• rAAV production culture media may be supplemented with serum or serum-derived recombinant proteins at a level of 0.5%-20% (v/v or w/v). Alternatively, as is known in the art, rAAV vectors may be produced in serum-free conditions which may also be referred to as media with no animal-derived products. One of ordinary skill in the art may appreciate that commercial or custom media designed to support production of rAAV vectors may also be supplemented with one or more cell culture components know in the art, including without limitation glucose, vitamins, amino acids, and or growth factors, in order to increase the titer of rAAV in production cultures.
  • rAAV production cultures can be grown under a variety of conditions (over a wide temperature range, for varying lengths of time, and the like) suitable to the particular host cell being utilized. As is known in the art, rAAV production cultures include attachment-dependent cultures which can be cultured in suitable attachment-dependent vessels such as, for example, roller bottles, hollow fiber filters, microcarriers, and packed-bed or fluidized-bed bioreactors. rAAV vector production cultures may also include suspension-adapted host cells such as HeLa, 293, and SF-9 cells which can be cultured in a variety of ways including, for example, spinner flasks, stirred tank bioreactors, and disposable systems such as the Wave bag system.
  • rAAV vector particles of the invention may be harvested from rAAV production cultures by lysis of the host cells of the production culture or by harvest of the spent media from the production culture, provided the cells are cultured under conditions known in the art to cause release of rAAV particles into the media from intact cells, as described more fully in U.S. Pat. No. 6,566,118). Suitable methods of lysing cells are also known in the art and include for example multiple freeze/thaw cycles, sonication, microfluidization, and treatment with chemicals, such as detergents and/or proteases.
  • At harvest, rAAV production cultures of the present invention may contain one or more of the following: (1) host cell proteins; (2) host cell DNA; (3) plasmid DNA; (4) helper virus; (5) helper virus proteins; (6) helper virus DNA; and (7) media components including, for example, serum proteins, amino acids, transferrins and other low molecular weight proteins.
  • In some embodiments, the rAAV production culture harvest is clarified to remove host cell debris. In some embodiments, the production culture harvest is clarified by filtration through a series of depth filters including, for example, a grade DOHC Millipore Millistak+HC Pod Filter, a grade A1HC Millipore Millistak+HC Pod Filter, and a 0.2 μm Filter Opticap XL10 Millipore Express SHC Hydrophilic Membrane filter. Clarification can also be achieved by a variety of other standard techniques known in the art, such as, centrifugation or filtration through any cellulose acetate filter of 0.2 μm or greater pore size known in the art. Still other suitable depth filters, e.g., in the range of about 0.045 μm to about 0.2 μm or other filtration techniques may be used.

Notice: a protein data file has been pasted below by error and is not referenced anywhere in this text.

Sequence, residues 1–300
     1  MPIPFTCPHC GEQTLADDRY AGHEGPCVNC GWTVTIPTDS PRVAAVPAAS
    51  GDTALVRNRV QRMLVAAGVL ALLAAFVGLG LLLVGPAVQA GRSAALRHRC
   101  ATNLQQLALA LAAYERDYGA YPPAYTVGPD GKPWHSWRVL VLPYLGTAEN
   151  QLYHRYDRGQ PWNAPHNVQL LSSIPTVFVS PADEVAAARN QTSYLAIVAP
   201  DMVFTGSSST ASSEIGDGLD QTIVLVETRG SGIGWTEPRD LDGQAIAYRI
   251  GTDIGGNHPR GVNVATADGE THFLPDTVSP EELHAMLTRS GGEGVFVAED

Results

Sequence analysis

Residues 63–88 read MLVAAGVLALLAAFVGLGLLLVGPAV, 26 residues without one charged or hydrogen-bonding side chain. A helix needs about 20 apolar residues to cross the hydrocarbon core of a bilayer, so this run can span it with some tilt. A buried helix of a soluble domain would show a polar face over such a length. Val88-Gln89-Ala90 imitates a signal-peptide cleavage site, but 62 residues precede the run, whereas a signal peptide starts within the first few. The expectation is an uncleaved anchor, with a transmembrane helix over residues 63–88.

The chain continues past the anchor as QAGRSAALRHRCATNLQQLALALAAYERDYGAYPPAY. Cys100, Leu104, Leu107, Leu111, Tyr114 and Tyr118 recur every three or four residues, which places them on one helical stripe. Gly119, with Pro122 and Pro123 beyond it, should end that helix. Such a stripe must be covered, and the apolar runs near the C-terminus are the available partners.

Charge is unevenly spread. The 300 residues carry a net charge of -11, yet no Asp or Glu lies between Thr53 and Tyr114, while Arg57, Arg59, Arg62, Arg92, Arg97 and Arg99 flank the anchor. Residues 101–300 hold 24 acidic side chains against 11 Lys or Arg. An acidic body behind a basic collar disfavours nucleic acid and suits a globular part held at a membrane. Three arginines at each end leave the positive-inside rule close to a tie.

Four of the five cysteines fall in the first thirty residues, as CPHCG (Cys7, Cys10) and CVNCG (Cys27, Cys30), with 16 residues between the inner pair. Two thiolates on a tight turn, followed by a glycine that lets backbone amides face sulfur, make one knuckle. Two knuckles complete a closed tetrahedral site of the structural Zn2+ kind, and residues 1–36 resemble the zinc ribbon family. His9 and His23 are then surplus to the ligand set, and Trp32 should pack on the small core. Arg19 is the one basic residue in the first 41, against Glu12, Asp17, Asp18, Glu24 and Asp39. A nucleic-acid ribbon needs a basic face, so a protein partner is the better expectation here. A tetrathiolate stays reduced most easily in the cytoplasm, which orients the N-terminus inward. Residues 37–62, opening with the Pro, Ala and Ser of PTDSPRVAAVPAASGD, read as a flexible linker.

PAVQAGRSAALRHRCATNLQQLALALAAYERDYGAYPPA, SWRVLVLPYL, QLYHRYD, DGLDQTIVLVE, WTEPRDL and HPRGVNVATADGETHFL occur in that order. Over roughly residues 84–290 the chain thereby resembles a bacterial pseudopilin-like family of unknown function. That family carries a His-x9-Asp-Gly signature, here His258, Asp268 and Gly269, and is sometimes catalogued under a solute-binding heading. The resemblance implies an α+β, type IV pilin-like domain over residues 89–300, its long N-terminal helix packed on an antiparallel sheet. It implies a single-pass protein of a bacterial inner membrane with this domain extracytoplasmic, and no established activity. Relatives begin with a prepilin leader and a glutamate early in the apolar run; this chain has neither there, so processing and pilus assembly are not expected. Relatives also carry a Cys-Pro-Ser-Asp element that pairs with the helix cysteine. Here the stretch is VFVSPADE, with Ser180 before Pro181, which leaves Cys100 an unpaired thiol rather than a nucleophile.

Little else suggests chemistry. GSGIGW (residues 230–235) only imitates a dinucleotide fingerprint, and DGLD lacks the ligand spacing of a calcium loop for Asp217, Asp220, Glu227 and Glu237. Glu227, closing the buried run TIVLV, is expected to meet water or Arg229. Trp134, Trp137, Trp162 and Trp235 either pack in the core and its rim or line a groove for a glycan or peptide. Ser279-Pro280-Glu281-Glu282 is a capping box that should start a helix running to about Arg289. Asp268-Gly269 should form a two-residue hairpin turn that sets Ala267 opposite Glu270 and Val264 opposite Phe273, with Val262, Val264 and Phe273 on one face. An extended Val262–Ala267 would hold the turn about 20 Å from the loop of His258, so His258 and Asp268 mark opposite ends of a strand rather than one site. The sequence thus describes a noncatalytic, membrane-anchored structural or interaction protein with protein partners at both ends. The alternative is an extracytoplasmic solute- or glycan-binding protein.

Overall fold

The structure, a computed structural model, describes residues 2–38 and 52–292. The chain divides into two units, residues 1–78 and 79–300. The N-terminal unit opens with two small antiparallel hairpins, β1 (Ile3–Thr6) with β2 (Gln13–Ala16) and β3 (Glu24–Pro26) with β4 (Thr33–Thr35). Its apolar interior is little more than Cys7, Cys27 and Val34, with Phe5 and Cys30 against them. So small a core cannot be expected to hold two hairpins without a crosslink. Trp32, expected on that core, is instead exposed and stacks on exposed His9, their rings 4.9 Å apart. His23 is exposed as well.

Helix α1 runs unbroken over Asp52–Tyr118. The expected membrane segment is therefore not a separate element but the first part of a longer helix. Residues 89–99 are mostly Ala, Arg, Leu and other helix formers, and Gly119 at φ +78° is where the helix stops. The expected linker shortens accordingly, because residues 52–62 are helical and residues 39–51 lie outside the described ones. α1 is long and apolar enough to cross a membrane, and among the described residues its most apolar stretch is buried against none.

• Suitably, the rAAV production culture harvest is treated with a nuclease, or a combination of nucleases, to digest any contaminating high molecular weight nucleic acid present in the production culture. The examples herein illustrate a DNAse, e.g., Benzonase® digestion performed under standard conditions known in the art. For example, a final concentration of 1 unit/mL to 2.5 units/mL of Benzonase® is used at a temperature ranging from ambient temperature to 37° C. for a period of 30 minutes to several hours, or about 2 hours. In another example, a turbonuclease is used. However, one of skill in the art may utilize other another suitable nuclease, or a mixture of nucleases. Examples of other suitable nuclease is described earlier in this specification.
  • The mixture containing full rAAV particles and rAAV intermediates (including empty capsids) may be isolated or purified using one or more of the following purification steps: tangential flow filtration (TFF) for concentrating the rAAV particles, heat inactivation of helper virus, rAAV capture by hydrophobic interaction chromatography, buffer exchange by size exclusion chromatography (SEC), and/or nanofiltration. These steps may be used alone, in various combinations, or in different orders. In some embodiments, the method comprises all the steps in the order as described below.
  • In some embodiments, the Benzonase®-treated mixture is concentrated via tangential flow filtration (“TFF”). Large scale concentration of viruses using TFF ultrafiltration has been described by R. Paul et al., HUMAN GENE THERAPY, 4:609-615 (1993). TFF concentration of the feedstream enables a technically manageable volume of feedstream to be subjected to the chromatography steps of the present invention and allows for more reasonable sizing of columns without the need for lengthy recirculation times. In some embodiments, the rAAV feedstream is concentrated between at least two-fold and at least ten-fold. In some embodiments, the feedstream is concentrated between at least ten-fold and at least twenty-fold. In some embodiments, the feedstream is concentrated between at least twenty-fold and at least fifty-fold. One of ordinary skill in the art will also recognize that TFF can also be used at any step in the purification process where it is desirable to exchange buffers before performing the next step in the purification process.